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  1. #1
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    Brake Caliper loose on new fork

    I just completed an upgrade from factory aluminum fork to Easton EC90 (This is on a 91' model Trek 2300). Thing is the brake caliper is loose on the new fork. I have tightened it as much as I am willing to and the whole caliper is rattling around (has play up and down). This is a shimano 600 (ultegra-6400) caliper.

    Can I add some washers to take up the slack, or is there another way? I read the brake info on Park's website, but I just saw how to correct centering.

  2. #2
    motovation frankenmike's Avatar
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    Pictures would help.

  3. #3
    Senior Member retroroadie's Avatar
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    I'm very familiar with the Treks of that generation having had a 2000 (still great riding bikes, IMHO, and classier than a welded frame). It depends on the caliper, but I would first recommend checking the length of the hex nut. The Trek aluminum forks back then (made by Kinesis, I believe) had a very short spacing between the brake mounting holes, so often the hex nut would bottom out on the end of the caliper's threaded section before it could properly secure the brake on the fork. If the new fork is similar, an easy solution is to get a shorter hex nut. You could get a spacer to place between the caliper and the fork, but why bother? Hope this helps. Luck.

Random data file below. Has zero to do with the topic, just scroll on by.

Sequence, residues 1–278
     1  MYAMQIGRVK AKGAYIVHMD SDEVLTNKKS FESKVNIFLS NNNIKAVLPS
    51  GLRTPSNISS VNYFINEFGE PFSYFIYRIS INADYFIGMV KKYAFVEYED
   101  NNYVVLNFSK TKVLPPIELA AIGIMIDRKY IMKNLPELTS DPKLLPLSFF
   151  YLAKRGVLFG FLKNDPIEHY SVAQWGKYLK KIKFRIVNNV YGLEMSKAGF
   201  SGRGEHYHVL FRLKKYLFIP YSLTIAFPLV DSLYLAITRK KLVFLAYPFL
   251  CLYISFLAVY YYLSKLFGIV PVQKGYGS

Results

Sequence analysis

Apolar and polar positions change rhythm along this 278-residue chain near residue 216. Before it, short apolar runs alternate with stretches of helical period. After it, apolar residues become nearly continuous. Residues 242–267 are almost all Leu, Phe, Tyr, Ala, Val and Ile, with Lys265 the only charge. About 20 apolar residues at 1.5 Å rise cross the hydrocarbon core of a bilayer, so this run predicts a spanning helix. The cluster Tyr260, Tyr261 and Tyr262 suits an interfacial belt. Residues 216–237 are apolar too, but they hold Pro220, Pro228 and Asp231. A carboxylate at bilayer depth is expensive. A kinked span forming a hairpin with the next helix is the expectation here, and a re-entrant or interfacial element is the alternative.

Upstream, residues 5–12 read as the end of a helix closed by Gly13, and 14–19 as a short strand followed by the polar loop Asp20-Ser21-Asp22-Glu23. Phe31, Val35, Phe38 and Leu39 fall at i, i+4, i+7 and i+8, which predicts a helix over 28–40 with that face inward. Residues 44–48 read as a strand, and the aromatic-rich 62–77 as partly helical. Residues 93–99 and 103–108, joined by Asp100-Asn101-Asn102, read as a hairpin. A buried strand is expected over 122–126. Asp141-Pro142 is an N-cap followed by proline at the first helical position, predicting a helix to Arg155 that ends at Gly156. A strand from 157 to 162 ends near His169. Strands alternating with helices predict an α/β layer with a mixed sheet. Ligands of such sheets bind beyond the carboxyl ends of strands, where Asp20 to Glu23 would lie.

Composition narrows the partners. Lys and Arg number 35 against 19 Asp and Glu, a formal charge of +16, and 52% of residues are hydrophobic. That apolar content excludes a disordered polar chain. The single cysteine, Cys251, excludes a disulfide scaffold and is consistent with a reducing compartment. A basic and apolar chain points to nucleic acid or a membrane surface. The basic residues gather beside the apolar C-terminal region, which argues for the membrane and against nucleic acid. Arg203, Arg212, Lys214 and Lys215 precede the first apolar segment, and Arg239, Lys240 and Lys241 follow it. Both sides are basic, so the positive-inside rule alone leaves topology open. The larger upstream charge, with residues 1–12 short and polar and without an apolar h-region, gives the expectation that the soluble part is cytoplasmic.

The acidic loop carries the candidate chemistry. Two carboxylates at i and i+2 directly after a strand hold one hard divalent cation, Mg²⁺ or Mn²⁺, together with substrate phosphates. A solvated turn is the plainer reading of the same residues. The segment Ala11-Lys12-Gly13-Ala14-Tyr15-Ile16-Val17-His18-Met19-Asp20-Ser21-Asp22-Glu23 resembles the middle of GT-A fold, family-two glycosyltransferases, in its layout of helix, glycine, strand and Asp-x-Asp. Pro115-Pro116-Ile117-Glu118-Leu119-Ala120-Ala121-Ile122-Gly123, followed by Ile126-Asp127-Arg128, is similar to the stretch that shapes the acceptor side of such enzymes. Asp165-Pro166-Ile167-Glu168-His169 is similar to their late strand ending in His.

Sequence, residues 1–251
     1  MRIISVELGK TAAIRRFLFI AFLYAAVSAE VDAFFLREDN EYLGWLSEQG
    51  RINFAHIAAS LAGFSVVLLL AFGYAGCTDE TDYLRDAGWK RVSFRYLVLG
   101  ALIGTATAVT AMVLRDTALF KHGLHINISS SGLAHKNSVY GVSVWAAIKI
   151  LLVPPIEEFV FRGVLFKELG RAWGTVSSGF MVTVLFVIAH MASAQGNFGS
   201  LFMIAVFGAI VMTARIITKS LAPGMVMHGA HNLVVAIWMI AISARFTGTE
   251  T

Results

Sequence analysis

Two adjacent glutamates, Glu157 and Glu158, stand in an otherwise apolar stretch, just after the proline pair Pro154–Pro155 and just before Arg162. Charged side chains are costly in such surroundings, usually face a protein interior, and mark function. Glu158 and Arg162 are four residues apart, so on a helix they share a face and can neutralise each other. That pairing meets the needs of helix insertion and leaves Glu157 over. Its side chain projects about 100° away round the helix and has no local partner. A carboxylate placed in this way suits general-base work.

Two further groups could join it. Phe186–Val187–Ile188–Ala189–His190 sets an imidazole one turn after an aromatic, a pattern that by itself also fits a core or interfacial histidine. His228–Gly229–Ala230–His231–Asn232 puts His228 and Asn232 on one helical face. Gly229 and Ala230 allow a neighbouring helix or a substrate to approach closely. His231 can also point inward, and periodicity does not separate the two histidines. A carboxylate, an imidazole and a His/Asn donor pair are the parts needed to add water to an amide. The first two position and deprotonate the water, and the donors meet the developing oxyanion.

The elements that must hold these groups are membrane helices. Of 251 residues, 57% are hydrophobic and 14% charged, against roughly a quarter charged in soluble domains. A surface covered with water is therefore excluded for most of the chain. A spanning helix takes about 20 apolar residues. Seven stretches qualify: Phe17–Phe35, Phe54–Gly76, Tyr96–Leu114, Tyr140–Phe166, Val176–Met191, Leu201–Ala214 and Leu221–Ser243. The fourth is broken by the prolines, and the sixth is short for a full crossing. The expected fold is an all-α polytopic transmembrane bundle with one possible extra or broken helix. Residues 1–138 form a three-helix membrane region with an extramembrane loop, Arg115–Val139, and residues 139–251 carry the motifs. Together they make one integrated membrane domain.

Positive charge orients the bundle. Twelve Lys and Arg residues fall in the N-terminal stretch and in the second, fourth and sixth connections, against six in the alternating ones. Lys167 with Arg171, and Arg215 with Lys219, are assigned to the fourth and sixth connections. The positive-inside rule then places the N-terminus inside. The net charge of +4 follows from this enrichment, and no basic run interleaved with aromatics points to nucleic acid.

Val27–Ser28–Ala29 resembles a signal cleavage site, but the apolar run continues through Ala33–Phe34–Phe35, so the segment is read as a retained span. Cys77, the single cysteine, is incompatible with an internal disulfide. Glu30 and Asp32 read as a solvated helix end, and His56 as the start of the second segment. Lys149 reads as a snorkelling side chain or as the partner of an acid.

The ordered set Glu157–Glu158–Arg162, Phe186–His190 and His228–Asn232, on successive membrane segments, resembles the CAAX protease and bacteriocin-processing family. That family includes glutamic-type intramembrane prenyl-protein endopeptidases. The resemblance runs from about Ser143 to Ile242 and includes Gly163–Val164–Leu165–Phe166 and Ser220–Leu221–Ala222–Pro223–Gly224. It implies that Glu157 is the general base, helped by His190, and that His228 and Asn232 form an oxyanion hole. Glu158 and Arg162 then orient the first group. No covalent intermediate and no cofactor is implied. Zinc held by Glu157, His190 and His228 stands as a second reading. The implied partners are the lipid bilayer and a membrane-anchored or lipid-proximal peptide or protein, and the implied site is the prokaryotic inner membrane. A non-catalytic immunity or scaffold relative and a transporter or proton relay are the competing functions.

P.S. Please tell me you don't have one of the lime green and yellow ones.
    Last edited by retroroadie; 03-16-09 at 06:33 AM. Reason: comment added

  4. #4
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    Easton carbon forks have a recessed pocket at the back of the "crown" so they can use a "standard" length recessed hex nut. Most carbon forks require an extra length nut so, if your bike has one of the longer nuts by mistake, it would also bottom out and leave the brake loose.

  5. #5
    Senior Member Retro Grouch's Avatar
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    Quote Originally Posted by HillRider View Post
    Easton carbon forks have a recessed pocket at the back of the "crown" so they can use a "standard" length recessed hex nut. Most carbon forks require an extra length nut so, if your bike has one of the longer nuts by mistake, it would also bottom out and leave the brake loose.
    I bought a 105 brake caliper a couple years ago that came with (I think) FOUR different length hex nuts.

    Now here's the good news. Generally the people who post need a longer hex nut to fit a carbon fork. That leads me to believe that many bike shops will have an excess supply of short ones. If they like you that might even be a "gimmy".

  6. #6
    cab horn
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    $2 short recessed nut, problem solved.
    Mes compaingnons cui j'amoie et cui j'aim,... Me di, chanson.

  7. #7
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    Yep lime green and yellow. Actually the green wasn't so bad, but the yellow had to go. About a week of wet sanding and panting and now it's silver! I had the factory colors for 6 years and it always drove me nuts.

    I had a bunch of washers that fit, so I put them there to take up the slack for now, but I plan on visiting the lbs for a proper length nut.

    Thanks everyone!

  8. #8
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    Quote Originally Posted by Retro Grouch View Post
    I bought a 105 brake caliper a couple years ago that came with (I think) FOUR different length hex nuts.
    I have Kestrel EMS Pro carbon forks on a couple of bikes and they came with the much longer brake nuts needed to compensate for their wider crown. The directions with these forks were very explicit that you must use the supplied nut.

    I guess this was before carbon forks were so common and so variable that the brake manufacturers supplied the variety of nuts to fit all of the different possibilities.

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